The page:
In Pakistan’s public and private universities, especially those in Karachi, students and teachers have regularly observed HuT activities, such as getting their mustard booklets printed in both English and Urdu languages, receiving their SMSs and emails and interactions with their cadres individually or in groups. Since the HuT in banned in Pakistan, the mainstream media is reluctant to give coverage to its activities. The HuT is therefore successfully using the internet as the main medium to spread its ideology and a wide range of publications, videos, e-copies of books and pamphlets are placed on their Urdu and English websites.
Naveed Butt, Imran Yousafzai and Shehzad Shiekh are key known leaders of the HuT’s Pakistan chapter, who are believed to have been detained by law enforcement agencies.
A few of leaders are allowed to show their identity and the group is organised in the small cells of five to six members, The News has learnt.
Financial support for the HuT to run operations in Pakistan mostly came from UK chapter of the group. They regularly distribute pamphlets and leaflets in middle- and upper-middle class residential areas and educational institutions of Karachi and other large cities.
The organisation was brought to Pakistan by Pakistani expatriates from relatively successful families living in the UK. “People were impressed to see that these young and educated Pakistani British were so committed to Islam that they came to Pakistan,” a teacher at the University of Karachi who is monitoring their activities, told The News. He claimed he had seen their publication ‘Nussrah’ in Urdu and English languages in the hands of a number of students on the campus.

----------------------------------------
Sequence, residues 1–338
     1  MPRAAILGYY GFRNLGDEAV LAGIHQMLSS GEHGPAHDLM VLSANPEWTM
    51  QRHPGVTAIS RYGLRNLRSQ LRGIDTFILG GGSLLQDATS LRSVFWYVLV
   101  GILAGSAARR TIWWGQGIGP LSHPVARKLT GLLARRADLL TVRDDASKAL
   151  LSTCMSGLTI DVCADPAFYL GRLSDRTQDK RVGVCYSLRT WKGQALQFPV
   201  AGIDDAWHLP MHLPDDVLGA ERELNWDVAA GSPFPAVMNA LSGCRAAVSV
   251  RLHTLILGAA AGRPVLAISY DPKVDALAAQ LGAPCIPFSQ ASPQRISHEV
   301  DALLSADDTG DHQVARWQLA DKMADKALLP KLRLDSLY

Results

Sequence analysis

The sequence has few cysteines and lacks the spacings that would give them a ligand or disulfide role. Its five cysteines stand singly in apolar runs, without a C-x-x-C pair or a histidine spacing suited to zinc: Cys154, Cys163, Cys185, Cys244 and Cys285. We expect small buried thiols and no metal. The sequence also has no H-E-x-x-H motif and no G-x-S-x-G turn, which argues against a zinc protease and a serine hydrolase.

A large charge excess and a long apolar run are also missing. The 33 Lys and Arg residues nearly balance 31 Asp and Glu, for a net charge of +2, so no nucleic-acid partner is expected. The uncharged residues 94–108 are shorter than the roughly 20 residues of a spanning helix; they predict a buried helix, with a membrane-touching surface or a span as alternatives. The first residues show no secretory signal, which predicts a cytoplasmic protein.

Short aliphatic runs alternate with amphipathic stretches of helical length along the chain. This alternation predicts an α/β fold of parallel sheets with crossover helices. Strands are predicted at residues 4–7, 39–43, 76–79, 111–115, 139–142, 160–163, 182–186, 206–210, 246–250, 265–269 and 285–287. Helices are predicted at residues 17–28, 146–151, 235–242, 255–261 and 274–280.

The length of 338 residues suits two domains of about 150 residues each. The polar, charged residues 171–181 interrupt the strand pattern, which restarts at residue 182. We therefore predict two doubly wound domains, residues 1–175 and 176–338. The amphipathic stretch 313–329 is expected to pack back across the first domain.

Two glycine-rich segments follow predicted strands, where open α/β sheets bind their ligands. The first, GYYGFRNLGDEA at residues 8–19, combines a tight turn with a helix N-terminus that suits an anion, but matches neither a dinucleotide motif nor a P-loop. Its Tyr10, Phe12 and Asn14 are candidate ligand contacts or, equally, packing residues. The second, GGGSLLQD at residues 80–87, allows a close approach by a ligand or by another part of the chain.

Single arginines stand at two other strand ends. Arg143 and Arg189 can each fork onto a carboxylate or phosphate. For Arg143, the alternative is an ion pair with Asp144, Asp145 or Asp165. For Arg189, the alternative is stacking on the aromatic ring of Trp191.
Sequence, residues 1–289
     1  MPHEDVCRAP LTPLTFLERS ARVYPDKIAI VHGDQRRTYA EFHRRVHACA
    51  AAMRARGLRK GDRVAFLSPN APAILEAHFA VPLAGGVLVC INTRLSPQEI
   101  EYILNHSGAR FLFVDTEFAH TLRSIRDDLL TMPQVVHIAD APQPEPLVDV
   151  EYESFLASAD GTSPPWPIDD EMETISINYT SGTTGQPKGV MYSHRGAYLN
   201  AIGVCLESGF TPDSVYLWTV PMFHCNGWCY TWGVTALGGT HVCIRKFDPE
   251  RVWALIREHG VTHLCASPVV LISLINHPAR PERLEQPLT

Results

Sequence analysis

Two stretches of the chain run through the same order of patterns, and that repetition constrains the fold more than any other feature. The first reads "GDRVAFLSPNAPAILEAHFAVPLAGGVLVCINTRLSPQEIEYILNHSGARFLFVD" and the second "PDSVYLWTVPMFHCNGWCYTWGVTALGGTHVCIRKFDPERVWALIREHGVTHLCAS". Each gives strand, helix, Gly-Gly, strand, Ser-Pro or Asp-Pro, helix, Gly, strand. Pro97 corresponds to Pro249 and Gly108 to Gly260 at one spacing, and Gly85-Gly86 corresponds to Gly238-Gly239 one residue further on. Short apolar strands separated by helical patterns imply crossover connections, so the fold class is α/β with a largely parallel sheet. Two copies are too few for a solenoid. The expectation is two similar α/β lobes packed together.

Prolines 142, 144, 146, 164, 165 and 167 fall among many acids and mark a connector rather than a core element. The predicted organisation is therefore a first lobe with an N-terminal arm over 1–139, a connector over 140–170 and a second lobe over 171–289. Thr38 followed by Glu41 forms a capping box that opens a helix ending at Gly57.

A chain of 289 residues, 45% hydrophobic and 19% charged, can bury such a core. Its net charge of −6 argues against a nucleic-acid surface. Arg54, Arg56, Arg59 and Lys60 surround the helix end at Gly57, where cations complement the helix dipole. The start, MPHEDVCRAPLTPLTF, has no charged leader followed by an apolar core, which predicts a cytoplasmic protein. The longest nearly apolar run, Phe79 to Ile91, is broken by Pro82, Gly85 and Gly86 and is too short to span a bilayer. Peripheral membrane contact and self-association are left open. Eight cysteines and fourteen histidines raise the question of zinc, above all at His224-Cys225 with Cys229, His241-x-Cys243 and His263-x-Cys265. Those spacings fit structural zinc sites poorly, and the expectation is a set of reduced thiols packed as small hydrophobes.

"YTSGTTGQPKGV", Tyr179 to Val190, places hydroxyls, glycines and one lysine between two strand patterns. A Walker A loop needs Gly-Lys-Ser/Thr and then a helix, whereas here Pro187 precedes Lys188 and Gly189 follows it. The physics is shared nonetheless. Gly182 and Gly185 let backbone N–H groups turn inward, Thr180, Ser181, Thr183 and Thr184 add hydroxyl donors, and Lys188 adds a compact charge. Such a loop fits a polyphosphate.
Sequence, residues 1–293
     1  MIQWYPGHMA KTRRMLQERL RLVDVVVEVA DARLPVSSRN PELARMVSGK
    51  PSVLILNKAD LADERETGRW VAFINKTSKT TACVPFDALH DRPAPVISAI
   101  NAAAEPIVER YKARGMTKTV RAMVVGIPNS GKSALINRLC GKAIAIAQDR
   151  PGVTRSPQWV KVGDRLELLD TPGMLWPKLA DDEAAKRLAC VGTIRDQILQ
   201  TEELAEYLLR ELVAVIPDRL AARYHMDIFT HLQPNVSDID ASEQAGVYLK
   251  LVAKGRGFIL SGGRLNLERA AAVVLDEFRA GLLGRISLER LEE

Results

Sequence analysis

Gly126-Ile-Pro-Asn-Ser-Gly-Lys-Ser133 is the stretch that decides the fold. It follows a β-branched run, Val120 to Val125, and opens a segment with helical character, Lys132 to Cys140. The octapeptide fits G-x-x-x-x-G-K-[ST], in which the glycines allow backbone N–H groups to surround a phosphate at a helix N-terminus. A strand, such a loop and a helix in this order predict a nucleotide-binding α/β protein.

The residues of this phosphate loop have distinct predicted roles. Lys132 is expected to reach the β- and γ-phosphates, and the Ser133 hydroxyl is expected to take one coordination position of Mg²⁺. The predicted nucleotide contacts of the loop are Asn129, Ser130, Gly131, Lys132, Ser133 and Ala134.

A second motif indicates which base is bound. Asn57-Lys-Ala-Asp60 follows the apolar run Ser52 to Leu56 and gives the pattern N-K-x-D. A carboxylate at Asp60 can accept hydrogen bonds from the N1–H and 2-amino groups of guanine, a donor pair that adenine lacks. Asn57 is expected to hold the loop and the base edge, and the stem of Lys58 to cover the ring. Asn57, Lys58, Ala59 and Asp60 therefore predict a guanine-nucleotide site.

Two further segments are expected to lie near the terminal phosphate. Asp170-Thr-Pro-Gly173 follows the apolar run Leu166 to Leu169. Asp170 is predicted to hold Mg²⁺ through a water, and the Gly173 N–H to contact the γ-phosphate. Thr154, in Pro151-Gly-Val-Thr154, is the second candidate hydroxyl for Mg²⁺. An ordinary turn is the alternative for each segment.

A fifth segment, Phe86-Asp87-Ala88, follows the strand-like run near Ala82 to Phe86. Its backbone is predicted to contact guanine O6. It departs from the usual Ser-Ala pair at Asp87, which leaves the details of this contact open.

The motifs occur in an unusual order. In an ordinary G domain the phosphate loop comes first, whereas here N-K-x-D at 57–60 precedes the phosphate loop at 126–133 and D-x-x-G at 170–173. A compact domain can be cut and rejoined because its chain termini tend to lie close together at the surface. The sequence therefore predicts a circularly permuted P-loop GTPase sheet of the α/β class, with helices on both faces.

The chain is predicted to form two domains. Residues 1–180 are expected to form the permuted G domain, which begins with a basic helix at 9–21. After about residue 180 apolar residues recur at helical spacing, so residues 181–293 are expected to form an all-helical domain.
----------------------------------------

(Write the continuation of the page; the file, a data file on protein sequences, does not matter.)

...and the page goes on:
Muhammad Amir Rana, head of the Pak Institute for Peace Studies (PIPS), said the HuT was an ideological group that fell somewhere between political Islamists and militants Islamists, with an anti-democratic and anti-constitutional outlook and agenda in Pakistan. “They are basically non-violent radicals but the key rationale behind the crackdown on the group is to stop their attempts to infiltrate the military, the academia and other private institutions, such as cellular companies,” Rana told The News.
A number of HuT members corroborated this observation and said the outfit primarily addressed the educated class and professionals such as journalists, teachers, bureaucrats, engineers and army officers. “Citizens hailing from these categories are in the best position to influence public opinion,” a HuT Karachi leader told The News in an earlier interview.
“We don’t focus on youths from the poor class as they cannot play a role in any Islamic revolution in the country,” he said. Rana said the fact that the HuT was banned by Pakistan and not the rest of the world aggravated the problem. However, a senior police official said international terror groups, such as al-Qaeda and ISIS, had been recruiting educated youths from the upper-middle class, mostly who had already been associated with the HuT and other like-minded organisations.
“The law enforcement agencies have seriously been dealing with the threat of the new brand of militants in the country, who are gradually growing,” he said.